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Home Is Where the Heart Is

By: Ms. Sara Malka Nimchinsky

In the beginning of this week’s parsha, Moshe gathers all of Bnei Yisrael and informs them of “things [they must do] that Hashem commanded”. In pasuk aleph Rashi explains that these “things” are the actions done in order to build the Mishkan. Then, in the following pasuk it goes right into the commandment of keeping Shabbat. One might ask, how and why are these two things connected? 

Chazal teaches us that these “things” are indeed the 39 Melachot that are forbidden for us to do on Shabbat. (plowing, sowing, sifting…) On the surface, if we look at these couple of pesukim, the connection becomes so obvious. Let’s go a little deeper.

From a shiur based on the works of the Rav (Rav Yosef Dov Soloveitchik), he asked a similar question. Why are these two topics linked? What is the significance of the Mishkan and Shabbat? To strengthen the question, he mentioned 3 other times the Mishkan and Shabbat were coupled together (Parshat Ki Tisa, Kedoshim, and Behar).

The Rav’s answer is simple yet profound. Both Shabbat and the Mishkan are sanctuaries; Shabbat, a sanctuary in time and the Mishkan, a sanctuary of a place/space.

Hashem wants us to make a home for Him in both time and space. The significance of this is that it shows in every aspect of our lives.   

The Rav further explains that when it comes to Shabbat, we need to properly prepare for not only Shabbat’s arrival but Hashem’s. In regards to the chagim, we bring ourselves closer to Hashem through the rituals we perform. Thus, G-d willing this Friday night, when we say Lecha dodi, Hashem will bring Himself closer to us. Lecha dodi symbolizes Hashem’s Shechinah at our door.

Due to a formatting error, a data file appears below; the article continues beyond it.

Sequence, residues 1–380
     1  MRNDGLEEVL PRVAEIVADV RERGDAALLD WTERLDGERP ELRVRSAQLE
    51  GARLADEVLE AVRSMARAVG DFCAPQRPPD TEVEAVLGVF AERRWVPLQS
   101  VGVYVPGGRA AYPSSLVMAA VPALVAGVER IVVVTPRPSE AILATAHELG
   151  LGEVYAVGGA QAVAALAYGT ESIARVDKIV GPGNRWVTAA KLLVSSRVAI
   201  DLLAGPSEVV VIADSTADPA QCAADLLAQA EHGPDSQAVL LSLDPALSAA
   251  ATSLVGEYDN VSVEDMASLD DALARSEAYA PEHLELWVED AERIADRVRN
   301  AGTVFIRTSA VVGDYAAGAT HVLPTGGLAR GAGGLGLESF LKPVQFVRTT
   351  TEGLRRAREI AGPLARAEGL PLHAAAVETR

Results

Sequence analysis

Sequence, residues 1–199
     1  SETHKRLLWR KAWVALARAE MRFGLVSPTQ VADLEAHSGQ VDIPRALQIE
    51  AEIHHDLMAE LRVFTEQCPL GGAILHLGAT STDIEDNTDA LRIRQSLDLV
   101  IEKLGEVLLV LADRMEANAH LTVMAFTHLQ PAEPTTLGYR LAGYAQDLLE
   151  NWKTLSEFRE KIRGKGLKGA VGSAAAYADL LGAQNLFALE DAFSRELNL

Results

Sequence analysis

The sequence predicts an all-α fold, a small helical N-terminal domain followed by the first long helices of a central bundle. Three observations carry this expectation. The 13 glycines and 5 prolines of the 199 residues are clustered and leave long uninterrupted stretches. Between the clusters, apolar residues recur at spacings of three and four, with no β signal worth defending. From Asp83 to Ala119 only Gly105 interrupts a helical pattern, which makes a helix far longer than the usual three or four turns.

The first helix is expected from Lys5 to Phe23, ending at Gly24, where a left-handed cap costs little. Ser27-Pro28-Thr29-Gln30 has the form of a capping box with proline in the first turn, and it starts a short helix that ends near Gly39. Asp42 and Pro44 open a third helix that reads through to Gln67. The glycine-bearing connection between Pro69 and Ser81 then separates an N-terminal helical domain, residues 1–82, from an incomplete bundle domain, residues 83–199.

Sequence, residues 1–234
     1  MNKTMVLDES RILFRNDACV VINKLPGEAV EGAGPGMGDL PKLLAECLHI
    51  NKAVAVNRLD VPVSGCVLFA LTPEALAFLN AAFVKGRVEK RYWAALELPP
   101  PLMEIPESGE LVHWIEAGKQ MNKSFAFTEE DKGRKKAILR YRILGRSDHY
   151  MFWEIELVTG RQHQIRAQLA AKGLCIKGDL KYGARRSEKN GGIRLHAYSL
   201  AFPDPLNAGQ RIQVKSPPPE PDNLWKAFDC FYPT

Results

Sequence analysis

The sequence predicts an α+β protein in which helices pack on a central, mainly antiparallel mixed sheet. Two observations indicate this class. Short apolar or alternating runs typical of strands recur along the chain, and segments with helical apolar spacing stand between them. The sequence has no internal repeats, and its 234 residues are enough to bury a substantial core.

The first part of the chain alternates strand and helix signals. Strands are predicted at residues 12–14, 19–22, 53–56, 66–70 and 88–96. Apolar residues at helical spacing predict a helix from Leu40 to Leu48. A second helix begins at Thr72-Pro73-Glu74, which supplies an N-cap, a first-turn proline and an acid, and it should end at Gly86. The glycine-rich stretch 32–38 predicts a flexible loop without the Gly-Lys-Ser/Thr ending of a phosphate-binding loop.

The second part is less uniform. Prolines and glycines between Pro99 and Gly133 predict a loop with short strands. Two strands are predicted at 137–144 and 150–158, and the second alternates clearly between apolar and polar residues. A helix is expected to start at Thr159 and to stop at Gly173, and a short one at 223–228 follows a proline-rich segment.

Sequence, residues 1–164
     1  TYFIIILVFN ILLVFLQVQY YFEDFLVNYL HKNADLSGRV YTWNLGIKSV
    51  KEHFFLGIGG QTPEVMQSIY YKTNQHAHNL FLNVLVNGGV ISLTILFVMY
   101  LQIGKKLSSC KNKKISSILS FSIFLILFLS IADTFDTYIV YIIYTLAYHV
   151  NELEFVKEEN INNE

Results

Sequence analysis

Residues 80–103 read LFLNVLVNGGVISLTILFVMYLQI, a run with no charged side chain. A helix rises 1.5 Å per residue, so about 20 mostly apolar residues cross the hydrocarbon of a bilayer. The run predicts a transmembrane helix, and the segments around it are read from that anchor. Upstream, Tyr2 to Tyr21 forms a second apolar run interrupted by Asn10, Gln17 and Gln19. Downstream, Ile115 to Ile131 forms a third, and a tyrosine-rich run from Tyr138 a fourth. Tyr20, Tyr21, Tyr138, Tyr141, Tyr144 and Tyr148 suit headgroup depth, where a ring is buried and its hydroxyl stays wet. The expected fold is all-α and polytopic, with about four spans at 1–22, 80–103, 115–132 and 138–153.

As we go into Shabbat this week we should remember a couple key points. We await G-d’s Shechinah every week. This is a time where work is meant to be put aside. We create an atmosphere which is holier for Hashem to join us. If we defile that holiness, we tarnish the aura.

This year, in Israel, the girls at Midreshet are often responsible for making their own Shabbat plans. They understand the importance of Shabbat and they prepare for Shabbat days before. When we are zealous and eager to welcome Shabbat, we create a meaningful atmosphere for ourselves and a welcoming sanctuary for Hashem.

To conclude, Home is where the heart is. Let us put our hearts into making a home/sanctuary for our Father Hashem.

Wishing everyone a meaningful Shabbat!  






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